Here's irony - or something else: The federal government paid regulators millions of dollars worth of bonuses during the run-up to the financial crisis.
After reviewing federal payroll information it obtained under the Freedom of Information Act, the Associated Press concluded, "Just as bank executives got bonuses despite taking on dangerous amounts of risk, regulators got taxpayer-funded bonuses despite missing or ignoring signs that the system was on the verge of a meltdown.
Some government professionals were able to boost their compensation by nearly 25 percent. Admittedly, that doesn't necessarily mean the same thing as it does on Wall Street: Between 2003 and 2006, the FDIC, Office of Thrift Supervision and Office of the Comptroller of the Currency awarded some $19 million in bonuses. But most of the money was for rewarded "superior performance," the AP says.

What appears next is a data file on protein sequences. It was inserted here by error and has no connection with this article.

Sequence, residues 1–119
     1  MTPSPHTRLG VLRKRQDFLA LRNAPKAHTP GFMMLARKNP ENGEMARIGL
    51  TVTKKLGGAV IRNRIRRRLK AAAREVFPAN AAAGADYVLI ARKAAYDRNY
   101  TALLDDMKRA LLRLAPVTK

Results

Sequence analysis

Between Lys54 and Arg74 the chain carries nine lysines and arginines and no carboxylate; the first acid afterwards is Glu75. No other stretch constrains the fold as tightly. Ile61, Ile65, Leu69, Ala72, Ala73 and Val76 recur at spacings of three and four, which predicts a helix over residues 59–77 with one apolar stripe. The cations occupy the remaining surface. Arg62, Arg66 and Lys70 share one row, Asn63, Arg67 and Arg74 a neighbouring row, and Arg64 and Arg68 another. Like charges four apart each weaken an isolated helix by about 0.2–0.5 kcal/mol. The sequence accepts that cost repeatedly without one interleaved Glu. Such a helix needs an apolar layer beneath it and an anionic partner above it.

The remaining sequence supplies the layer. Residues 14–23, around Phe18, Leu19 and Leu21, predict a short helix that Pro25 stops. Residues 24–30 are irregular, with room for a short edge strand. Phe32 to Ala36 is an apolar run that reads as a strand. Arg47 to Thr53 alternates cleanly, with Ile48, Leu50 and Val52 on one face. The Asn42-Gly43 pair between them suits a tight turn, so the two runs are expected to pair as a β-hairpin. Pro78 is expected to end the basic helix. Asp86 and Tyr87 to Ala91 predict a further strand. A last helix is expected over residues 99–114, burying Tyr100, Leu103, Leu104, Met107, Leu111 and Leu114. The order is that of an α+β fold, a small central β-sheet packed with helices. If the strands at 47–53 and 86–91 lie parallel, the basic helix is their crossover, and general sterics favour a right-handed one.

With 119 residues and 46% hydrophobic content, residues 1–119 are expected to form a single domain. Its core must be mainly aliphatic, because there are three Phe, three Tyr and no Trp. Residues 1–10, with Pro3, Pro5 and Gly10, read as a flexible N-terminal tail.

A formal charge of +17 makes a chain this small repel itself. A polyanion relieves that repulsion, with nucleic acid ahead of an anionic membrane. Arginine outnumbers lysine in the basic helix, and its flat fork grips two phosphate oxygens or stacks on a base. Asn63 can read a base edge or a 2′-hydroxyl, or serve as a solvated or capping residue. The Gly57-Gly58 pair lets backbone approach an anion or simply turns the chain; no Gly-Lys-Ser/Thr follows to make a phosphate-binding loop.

The largest share, more than $8.4 million, went to financial examiners, those employees and managers who scrutinize internal bank documents and sound the first alarms. Analysts, auditors, economists and criminal investigators also got awards.
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